Johannes Mentelin

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Bust of Mentelin inside the Humanist Library of Sélestat

Johannes Mentelin, sometimes also spelled Mentlin, (born around 1410 in Schlettstadt, today Sélestat; died December 12, 1478 in Strasbourg) was a pioneering German book printer and bookseller active during the period during which incunabula were printed. In 1466, he published the first printed Bible in the German language, the Mentelin Bible.


In 1447, Johannes Mentelin gained the rights of a Strasbourg citizen, he was first a Goldschreiber (calligrapher and book scribe) by profession and worked in addition as an episcopal notary. Exactly when and where he learned the technique of book printing is not known. Since at the end of the 1450s, when Mentelin founded his Strasbourg printery, there was still no other place where printing was done besides Mainz, it is likely that he either got his knowledge directly there or through a middleman; such a go-between might have been Heinrich Eggestein. It is suspected that he had been introduced to the trade of book printing during his stay in Mainz from Johannes Gutenberg, he did not set up his own Offizin (an old German term for a book printery) until the middle of the 1460s. Due to a lack of sources, the final clarification of this question must unfortunately remain unanswered for now. From the available data, it can however be concluded that Mentelin was the first book printer active in Strasbourg (and thus one of the first anywhere in Europe), even before Eggestein.

The first printing which carries Mentelin's name is Augustine's Tractatus de arte praedicandi from the year 1465. However, it is assumed that Mentelin had already begun to print significantly earlier, probably even already in 1458, his oldest known printed work is a Latin Bible printed with 49 lines per page ("B49"), whose first volume is dated 1460. As Gutenberg's Bible was printed with 42 lines per page, Mentelin's had fewer pages and proved handier.

Mentelin quickly achieved business success, which made him a prosperous man. In 1466, he was even awarded a coat of arms by Emperor Frederick III. After about 20 years as a book printer, Mentelin died on December 12, 1478 in Strasbourg, he was buried in the cemetery of the (no longer existing) St.-Michael's-Chapel. His grave was later removed and is now inside Strasbourg Cathedral, his two daughters married the book printers, Martin Schott and Adolf Rusch. The latter, also called the printer with the bizarre R, took over the Offizin.


About 40 printed works are ascribed to Mentelin's Strasbourg Offizin, his printing and publishing list contained predominantly theological and philosophical works in Latin, whose purity of text was ensured by scholarly proofreaders. Among others, works of Augustine, Thomas Aquinas, Aristotle, John Chrysostom, Isidore of Seville and Albertus Magnus were issued. In 1472 he published the Postilla super totam Bibliam, Nicolaus de Lyra's commentary of the Bible. Mentelin also published texts of classical antiquity (such as Virgil's Opera and the Comoediae of Terence); as the only German book printer, Mentelin printed Medieval court literature, such as Wolfram von Eschenbach's Parzival and the Jüngerer Titurel of Albrecht von Scharfenberg.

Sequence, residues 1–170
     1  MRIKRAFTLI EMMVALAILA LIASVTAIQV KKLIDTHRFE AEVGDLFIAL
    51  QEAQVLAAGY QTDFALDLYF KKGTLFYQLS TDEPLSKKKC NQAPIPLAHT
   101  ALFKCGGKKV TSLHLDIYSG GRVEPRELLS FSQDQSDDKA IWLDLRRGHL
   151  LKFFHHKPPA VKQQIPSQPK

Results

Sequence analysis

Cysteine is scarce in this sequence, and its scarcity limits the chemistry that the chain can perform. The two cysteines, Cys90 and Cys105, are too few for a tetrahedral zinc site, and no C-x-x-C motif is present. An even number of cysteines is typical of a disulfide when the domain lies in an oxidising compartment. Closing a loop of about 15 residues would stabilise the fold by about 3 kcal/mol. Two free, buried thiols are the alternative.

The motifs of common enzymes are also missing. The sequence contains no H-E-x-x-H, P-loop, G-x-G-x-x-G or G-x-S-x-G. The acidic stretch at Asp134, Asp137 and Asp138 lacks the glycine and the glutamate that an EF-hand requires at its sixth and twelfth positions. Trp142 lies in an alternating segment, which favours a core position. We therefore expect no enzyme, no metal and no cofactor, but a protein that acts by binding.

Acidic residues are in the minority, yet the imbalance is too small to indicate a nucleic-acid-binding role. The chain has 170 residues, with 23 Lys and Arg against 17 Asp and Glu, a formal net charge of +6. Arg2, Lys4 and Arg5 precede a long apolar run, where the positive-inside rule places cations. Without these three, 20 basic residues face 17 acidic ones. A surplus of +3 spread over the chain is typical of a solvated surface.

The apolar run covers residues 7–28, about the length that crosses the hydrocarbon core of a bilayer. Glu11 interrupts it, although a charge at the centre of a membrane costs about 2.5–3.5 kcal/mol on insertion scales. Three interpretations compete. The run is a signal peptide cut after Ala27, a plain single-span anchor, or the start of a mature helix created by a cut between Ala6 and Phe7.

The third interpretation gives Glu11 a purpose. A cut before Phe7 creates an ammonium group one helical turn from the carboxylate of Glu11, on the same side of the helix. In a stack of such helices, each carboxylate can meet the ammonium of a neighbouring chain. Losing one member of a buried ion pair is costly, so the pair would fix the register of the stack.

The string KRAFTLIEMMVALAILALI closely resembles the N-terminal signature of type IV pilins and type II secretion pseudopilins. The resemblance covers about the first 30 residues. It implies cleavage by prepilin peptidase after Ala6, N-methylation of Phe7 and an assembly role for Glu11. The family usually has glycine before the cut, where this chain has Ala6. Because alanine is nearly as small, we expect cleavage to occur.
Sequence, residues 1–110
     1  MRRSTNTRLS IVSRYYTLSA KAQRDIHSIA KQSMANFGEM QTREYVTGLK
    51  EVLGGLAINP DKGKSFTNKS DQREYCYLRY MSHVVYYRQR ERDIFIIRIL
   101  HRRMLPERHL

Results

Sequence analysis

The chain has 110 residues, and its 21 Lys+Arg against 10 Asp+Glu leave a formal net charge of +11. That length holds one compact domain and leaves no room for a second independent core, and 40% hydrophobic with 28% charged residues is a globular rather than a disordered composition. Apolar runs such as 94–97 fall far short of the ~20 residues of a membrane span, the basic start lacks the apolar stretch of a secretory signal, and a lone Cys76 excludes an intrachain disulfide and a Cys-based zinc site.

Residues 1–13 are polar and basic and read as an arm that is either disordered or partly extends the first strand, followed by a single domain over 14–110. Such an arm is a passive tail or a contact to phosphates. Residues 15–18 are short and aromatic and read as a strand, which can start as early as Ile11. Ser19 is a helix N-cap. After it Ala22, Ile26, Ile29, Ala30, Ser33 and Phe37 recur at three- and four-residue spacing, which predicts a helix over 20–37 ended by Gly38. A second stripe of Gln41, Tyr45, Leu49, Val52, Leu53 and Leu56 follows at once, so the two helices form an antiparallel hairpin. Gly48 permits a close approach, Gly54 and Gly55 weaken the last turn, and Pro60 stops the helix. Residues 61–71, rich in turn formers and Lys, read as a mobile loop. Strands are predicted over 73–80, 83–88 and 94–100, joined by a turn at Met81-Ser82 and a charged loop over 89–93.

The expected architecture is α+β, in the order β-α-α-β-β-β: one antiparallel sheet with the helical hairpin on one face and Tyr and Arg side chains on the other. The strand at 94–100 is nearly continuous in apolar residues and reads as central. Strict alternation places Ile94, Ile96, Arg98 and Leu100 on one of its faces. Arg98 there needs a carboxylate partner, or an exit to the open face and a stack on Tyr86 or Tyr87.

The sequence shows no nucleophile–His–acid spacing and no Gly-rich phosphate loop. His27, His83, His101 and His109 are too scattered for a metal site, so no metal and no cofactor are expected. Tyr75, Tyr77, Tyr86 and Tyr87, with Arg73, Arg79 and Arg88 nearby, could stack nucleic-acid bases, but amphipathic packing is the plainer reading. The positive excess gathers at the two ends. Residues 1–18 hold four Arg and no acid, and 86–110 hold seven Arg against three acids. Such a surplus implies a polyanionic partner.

His first printing of a Bible in vernacular language stands out, the so-called Mentelin Bible of 1466, the first attested edition of the full Bible in the German language, translated from the Vulgate, and one of the earliest printed works in German; the Mentelin Bible was the basis for a further thirteen pre-Reformation editions of the Bible (including those by Zainer and Sorg) which appeared in southern Germany before editions of the Luther Bible, based on Hebrew and Greek, from 1522.


  • Geldner, F (1968), Die deutschen Inkunabeldrucker. Ein Handbuch der deutschen Buchdrucker des XV. Jahrhunderts nach Druckorten (in German), 1. Das deutsche Sprachgebiet, Stuttgart: Hiersemann, ISBN 3-7772-6825-9.
  • Harthausen, H (1989), "Johannes Mentelin", in Corsten, Severin (ed.), Lexikon des gesamten Buchwesens (LGB) (in German), V (2nd new, completely revised and expanded ed.), Stuttgart: Hiersemann, p. 145, ISBN 3-7772-9904-9.
  • Schorbach, Karl (1932), Der Straßburger Frühdrucker Johann Mentelin (1458-1478): Studien zu seinem Leben und Werke (in German), Mainz.
  • Voulliéme, E (1922), Die deutschen Drucker des fünfzehnten Jahrhunderts (in German) (2nd ed.), Berlin: Reichdruckerei.

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